I recently attended Microsoft’s quarterly Minnesota BI User Group Meeting, and I particularly enjoyed learning from Will Weber (a Data Platform Solution Architect at Microsoft) about their upcoming release of SQL Server 2016. This is the second installment in a blog series that will summarize the various additions and enhancements that Microsoft is introducing to their BI stack from the perspective of a BI developer. Read the first blog post here.
Microsoft SQL Server Analysis Services (SSAS) has been around for almost 20 years. Up until SQL Server 2012, the multidimensional cube was the only Online Analytical Processing (OLAP) offering within the Microsoft BI stack (I discussed the Tabular model and its 2016 enhancements in Part 1 of this blog series). As such, Microsoft has released multiple iterations of the multidimensional cube to develop it into a mature BI product. The past few releases of SQL Server have yielded minimal changes for the multidimensional cube as Microsoft has turned their OLAP focus towards the Tabular model. In fact, it was starting to look like the cube was approaching a dead end on the road to maturity. So why would Microsoft invest time, money, and development resources into the multidimensional cube now in 2016?
The reality is that many organizations of varying sizes, industries, and needs have implemented Microsoft’s multidimensional model in their enterprise analytics platforms. Attracting existing multidimensional customers to upgrade to SSAS 2016 rather than exploring alternative OLAP solutions could be a win-win for Microsoft and these customers. Microsoft can capture new revenue from existing customers, and these customers can easily gain new features and capabilities within their analytics platforms to suit their growing needs. Let’s see how attractive the new features in SQL Server 2016 are:
Drill-through multi-selection support with Excel 2016
With self-service BI capabilities becoming more and more desired within organizations (especially within Excel), any enhancements that expand and improve these capabilities are a win in my opinion. The ability to select multiple values on a drill-through analysis in Excel seems minor but will improve the multidimensional cube’s case when designing a self-service BI solution.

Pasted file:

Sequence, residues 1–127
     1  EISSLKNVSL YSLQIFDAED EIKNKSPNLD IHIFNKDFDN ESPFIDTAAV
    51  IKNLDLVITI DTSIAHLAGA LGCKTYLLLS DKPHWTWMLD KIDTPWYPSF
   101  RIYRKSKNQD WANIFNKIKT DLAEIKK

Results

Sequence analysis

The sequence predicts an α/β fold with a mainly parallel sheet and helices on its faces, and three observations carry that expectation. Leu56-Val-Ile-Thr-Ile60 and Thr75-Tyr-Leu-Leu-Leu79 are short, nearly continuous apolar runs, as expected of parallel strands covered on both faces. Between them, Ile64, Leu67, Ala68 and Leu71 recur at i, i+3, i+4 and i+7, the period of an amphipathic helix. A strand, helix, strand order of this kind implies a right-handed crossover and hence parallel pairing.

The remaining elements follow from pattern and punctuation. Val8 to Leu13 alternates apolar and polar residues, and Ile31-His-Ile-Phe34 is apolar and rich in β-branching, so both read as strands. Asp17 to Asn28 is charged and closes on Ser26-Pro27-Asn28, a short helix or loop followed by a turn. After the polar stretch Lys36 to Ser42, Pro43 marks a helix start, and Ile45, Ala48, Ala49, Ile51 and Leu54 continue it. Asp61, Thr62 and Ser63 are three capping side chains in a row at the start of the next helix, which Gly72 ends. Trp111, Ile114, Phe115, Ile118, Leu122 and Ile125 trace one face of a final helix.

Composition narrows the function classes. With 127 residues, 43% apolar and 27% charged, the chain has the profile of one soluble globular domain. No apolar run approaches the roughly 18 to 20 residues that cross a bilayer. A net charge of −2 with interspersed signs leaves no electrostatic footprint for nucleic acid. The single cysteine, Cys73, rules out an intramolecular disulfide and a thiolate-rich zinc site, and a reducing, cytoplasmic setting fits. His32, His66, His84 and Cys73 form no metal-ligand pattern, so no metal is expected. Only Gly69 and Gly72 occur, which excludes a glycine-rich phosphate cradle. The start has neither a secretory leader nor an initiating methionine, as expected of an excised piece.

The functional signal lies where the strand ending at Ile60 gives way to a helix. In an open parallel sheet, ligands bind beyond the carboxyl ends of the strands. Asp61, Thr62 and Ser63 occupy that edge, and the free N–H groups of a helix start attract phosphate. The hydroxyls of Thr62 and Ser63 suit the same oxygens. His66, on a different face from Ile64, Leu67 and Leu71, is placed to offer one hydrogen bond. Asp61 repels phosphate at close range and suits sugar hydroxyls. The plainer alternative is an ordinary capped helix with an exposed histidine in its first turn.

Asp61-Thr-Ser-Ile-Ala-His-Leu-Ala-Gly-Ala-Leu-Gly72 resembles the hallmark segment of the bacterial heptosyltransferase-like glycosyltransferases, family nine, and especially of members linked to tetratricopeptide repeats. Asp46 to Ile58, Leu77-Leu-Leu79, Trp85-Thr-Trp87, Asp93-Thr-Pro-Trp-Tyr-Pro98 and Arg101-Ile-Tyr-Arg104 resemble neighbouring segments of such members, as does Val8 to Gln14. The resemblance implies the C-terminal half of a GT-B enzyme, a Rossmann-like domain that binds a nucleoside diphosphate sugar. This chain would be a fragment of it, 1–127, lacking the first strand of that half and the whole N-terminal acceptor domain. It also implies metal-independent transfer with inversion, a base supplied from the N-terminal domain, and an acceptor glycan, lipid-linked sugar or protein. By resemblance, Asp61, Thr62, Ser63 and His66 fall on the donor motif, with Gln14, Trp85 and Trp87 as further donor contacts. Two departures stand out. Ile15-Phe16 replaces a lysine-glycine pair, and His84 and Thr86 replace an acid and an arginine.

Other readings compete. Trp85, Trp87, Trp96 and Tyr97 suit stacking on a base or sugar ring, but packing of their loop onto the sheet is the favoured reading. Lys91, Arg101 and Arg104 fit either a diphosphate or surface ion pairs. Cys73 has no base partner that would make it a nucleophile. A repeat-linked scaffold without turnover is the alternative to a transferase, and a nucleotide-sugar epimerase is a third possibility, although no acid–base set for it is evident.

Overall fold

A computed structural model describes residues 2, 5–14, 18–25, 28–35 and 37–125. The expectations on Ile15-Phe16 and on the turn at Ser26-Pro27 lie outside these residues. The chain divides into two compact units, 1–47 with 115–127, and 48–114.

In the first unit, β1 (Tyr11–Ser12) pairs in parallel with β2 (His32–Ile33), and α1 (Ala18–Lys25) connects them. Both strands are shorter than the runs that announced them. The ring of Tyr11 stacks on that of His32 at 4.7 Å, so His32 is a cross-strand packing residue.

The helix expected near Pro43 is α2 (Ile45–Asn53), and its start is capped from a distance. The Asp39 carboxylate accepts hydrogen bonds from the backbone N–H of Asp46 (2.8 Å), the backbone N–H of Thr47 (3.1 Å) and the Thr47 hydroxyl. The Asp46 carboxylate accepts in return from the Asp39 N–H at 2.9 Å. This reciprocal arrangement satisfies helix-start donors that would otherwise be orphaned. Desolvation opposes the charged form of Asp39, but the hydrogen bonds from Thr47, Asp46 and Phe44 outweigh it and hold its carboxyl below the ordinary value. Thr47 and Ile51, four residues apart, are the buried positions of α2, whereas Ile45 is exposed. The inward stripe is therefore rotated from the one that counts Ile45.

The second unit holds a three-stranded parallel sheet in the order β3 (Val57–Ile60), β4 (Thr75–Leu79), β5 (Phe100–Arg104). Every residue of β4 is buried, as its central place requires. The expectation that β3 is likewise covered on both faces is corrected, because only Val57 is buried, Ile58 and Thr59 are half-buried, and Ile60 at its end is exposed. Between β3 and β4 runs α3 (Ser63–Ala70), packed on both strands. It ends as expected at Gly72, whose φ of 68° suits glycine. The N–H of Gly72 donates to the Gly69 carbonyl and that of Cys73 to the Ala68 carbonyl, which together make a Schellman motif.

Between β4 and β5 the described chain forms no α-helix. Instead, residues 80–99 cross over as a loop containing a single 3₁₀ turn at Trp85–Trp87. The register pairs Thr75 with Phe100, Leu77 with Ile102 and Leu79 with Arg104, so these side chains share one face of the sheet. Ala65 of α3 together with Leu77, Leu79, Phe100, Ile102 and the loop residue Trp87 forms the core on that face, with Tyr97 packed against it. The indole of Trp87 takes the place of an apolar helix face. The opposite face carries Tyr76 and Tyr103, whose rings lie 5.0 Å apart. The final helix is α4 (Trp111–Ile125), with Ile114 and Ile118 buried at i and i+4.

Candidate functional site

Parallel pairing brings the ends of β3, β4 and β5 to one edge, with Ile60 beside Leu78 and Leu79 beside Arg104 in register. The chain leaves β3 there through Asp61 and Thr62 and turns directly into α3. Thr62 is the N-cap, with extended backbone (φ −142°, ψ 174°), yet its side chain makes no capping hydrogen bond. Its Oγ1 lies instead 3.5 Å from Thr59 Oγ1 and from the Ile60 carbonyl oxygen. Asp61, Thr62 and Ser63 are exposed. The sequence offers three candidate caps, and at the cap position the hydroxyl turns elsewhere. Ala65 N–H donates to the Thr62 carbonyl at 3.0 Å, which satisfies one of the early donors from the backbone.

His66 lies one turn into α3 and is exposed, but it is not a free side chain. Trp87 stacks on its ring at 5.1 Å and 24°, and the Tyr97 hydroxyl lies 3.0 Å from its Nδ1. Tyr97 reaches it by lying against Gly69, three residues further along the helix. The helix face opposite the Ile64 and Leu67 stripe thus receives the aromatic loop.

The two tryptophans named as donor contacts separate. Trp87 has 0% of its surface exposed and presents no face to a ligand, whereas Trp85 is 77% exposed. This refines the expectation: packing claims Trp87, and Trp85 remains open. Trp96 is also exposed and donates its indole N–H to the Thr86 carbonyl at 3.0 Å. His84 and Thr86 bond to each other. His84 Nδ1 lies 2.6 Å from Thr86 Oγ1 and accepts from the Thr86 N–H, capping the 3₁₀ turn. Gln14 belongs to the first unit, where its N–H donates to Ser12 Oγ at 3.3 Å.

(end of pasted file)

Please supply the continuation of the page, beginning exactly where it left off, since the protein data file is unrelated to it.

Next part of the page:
Distinct count ROLAP optimization for DB2 and Oracle
Within the traditional SSAS cube, the default and most common storage mode utilized is Multidimensional OLAP (MOLAP), in which detail data and pre-aggregated data are stored on disk on the SSAS server. However, in cases where an organization’s data volume exceeds the disk storage capacity on the SSAS server, the Relational OLAP (ROLAP) storage mode can be used. The SSAS cube establishes a direct connection to a relational data source in this storage mode rather than storing any data on the SSAS server. As a result, querying an SSAS cube with ROLAP storage can be slow. SQL Server 2016 provides improved performance on distinct count calculations for SSAS cubes accessing DB2 and Oracle relational data sources in ROLAP storage mode. While addressing performance issues of the ROLAP storage mode will improve its viability and usability, this enhancement serves only a subset of Microsoft’s customers.
Explore and visualize with Power BI
Initial releases of Power BI (Microsoft’s cloud-based visualization and reporting tool) did not support connecting to SSAS multidimensional cubes as a source. The presentation that Microsoft gave at the Minnesota BI User Group meeting marketed support for SSAS multidimensional cubes in Power BI as a new feature of SQL Server 2016, which means organizations can finally explore and integrate their SSAS cube data within their Power BI visualizations. This led me to believe that Power BI only connects to SSAS 2016 cubes, however have no fear if you have an earlier version SSAS cube! According to a Power BI Admin, Power BI supports connecting to SSAS cubes implemented in SQL Server 2012 SP1 CU4 and later versions. Therefore, it is misleading to classify this as a new feature of SQL Server 2016.
In summary, really only the first two SSAS cube features above can be considered new within SQL Server 2016. These features will certainly add value in very specific use cases, but the incremental value added to the majority of organizations currently using SSAS cubes will be minimal. I guess this is to be expected for an already very mature software product. For an organization deciding whether to upgrade to SQL Server 2016 solely on the premise of the SSAS cube enhancements, it should be a quick evaluation to see whether the first two features above will provide justifiable value.
For organizations who are seeking to implement a new OLAP solution, there are a couple key use cases to consider for Microsoft’s multidimensional cube. Within Microsoft’s OLAP solutions, the SSAS multidimensional cube offers the most scalability as it is well equipped for very large volumes of data. Additionally, the multidimensional cube is the best OLAP solution within the Microsoft stack for handling complex business problems. It supports complex data relationships out-of-the-box and supports complex calculations (among many other capabilities).